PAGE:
Field Day Festival Brings London To Life Once Again (Part 1)
Field Day is a festival in Victoria Park London, boasting the likes of Metronomy, SBTRKT, The Vaccines and Jamie XX amongst previous acts. This year, the two day festival was headlined by Caribou, Ride and Patti Smith, but in terms of the line-up, this was just the tip of the iceberg. The depth of the line-up was astounding, acts that may be headlining other similarly sized festivals slotted into various stages during the day resulting in a consistently exciting atmosphere.
The Brighton born DJ and producer is signed to XL Records, hooking up with Novelist early in the year for a highly acclaimed EP. He was placed on the iD Mix stage for an early Saturday afternoon set where he played an exciting and eclectic mix of grime/garage/ and electronic beats. It was a set worthy of a huge audience and arguably a later slot on a bigger stage, can’t wait to see this guy again.
The highlight: Dropping “Take Time”, his collaborative track with Novelist.
The lowlight: No fault of his own, would’ve liked to have seen the set later in one of the bigger tents.
3 word conclusion: Go see him!
Hip-Hop trio hailing from New York, also signed to XL and have already been making some waves in the genre. This was one of the sets I was anticipating the most going into the weekend. Their music has energy, much down to Sporting Life’s beats, Wiki and Hak have great flow, and altogether decent lyrics, but (and this pains me to say it) I just wasn’t feeling their set. I wanted the energy from their tracks to translate into the set and it just didn’t for me, and the only time I felt it was starting to pick up a bit of energy and momentum the set was finished.
The highlight: The last two minutes of the set represented, what I so desperately wanted to see consistently throughout the set.
The lowlight: Their flow was on point for most of the set, they just didn’t generate the excitement I’d expected.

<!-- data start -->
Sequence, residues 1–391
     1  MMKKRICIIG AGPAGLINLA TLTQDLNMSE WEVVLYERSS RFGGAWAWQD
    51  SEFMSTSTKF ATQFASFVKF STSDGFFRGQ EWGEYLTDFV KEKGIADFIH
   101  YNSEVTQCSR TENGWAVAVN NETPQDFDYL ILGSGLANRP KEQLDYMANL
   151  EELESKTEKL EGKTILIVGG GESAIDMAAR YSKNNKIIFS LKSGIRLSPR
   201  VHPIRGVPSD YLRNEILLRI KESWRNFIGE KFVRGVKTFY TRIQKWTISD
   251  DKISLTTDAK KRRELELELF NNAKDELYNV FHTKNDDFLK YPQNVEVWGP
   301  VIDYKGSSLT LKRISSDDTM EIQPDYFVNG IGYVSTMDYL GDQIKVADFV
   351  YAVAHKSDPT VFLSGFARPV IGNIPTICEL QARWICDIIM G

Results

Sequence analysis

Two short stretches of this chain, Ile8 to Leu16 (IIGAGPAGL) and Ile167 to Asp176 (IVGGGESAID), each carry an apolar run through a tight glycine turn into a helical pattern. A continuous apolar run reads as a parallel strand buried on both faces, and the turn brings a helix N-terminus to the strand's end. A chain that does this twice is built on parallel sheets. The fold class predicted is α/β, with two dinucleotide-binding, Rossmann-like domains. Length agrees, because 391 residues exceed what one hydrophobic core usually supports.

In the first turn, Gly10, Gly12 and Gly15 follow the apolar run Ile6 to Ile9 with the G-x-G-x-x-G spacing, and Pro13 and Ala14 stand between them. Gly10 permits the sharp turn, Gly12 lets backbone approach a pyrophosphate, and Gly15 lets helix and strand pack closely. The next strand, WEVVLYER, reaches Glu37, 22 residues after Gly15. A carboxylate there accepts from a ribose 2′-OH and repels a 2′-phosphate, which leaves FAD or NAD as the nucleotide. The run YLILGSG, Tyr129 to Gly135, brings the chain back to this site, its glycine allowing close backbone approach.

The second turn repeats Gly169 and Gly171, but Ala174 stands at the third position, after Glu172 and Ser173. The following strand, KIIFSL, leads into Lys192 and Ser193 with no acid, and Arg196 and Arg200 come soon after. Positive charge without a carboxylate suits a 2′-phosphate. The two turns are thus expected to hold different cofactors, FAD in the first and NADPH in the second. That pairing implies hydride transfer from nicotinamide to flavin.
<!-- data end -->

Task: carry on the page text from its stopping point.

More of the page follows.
3 word conclusion: So desperately disappointing.
Singer/Songwriter/Producer Shura was this year featured on the “BBC Sound of Poll” and has had a fair amount of hype surrounding her music since she dropped her self-produced and directed track/music video “Touch” in March 2014, which to date has over 12 million views on YouTube. I wasn’t quite sure what to expect from her set but was quite pleasantly surprised by the intimacy and emotion behind the majority of her 35 minute performance. Some songs certainly felt more engaging than others, but if she can continue to emulate the vibes from tracks like Touch, we may be seeing an awful lot more of Shura in the future.
The highlight: I’d be lying if I said it was anything other than Touch. You can’t take anything away from it, it’s a great track and set conveyed the raw emotion behind it brilliantly.
The lowlight: Difficult to pick an individual one but some of the lesser known tracks did seem a little lost on the crowd.
Three word summary: Pretty decent set.
Run the Jewels
After dropping what was in my opinion already one of the stand out albums of 2015 (Run The Jewels 2), I was expecting huge things from this live set and. they. delivered. Run The Jewels is a hip-hop duo made up of previously frequent collaborators Killer Mike and El-P, before they decided to “make it official” with their first full length self-titled project together. Almost unbelievably, in their live set, they managed to match the energy from their album, as well as keeping the consistency and momentum that made it such a formidable project in the first place. Some serious sleep deprivation and Killer Mike’s broken shoulder didn’t stop them from delivering one of the stand out performances of the weekend.
The highlight: There’s just so many, the crowd, the energy, the tracks, El P almost joining the crowd at one point. I just can’t pick one.
The lowlight: Totally non-existent.
Three word summary: A sensational set.
Given a tough slot headlining the Shacklewell Arms at the same time Hudson Mohawke and Caribou were headlining the Resident Advisor and Eat Your Own Ears (Main Stage) respectively, but seriously smashed it! With a solid, powerful debut album under their belt, their material throughout the whole set was on point, perfectly in sync with one another and delivering the full hour without missing a beat. Their energy was big enough to match that of Run the Jewels and the silhouette effect, mixed with Amelia Meath’s stunning vocals was enchanting. The new material sounded great, and the songs from their first album translated flawlessly. The crowd stuck around demanding more for a good ten minutes after their final song, but with Sylvan Esso literally out of material to play the fans had to settle for what they’d already witnessed, an immaculate performance.
The highlight: Again it’s difficult to pick one, at a push maybe “Hey Mami”.
The lowlight: No encore that the audience were so desperate for. Still I can hardly say this cast a downer on the set.
Three word summary: Maybe the best?
For part 2 of the review click here.
Words and video by Thomas Schofield
To find out more about Field Day click here.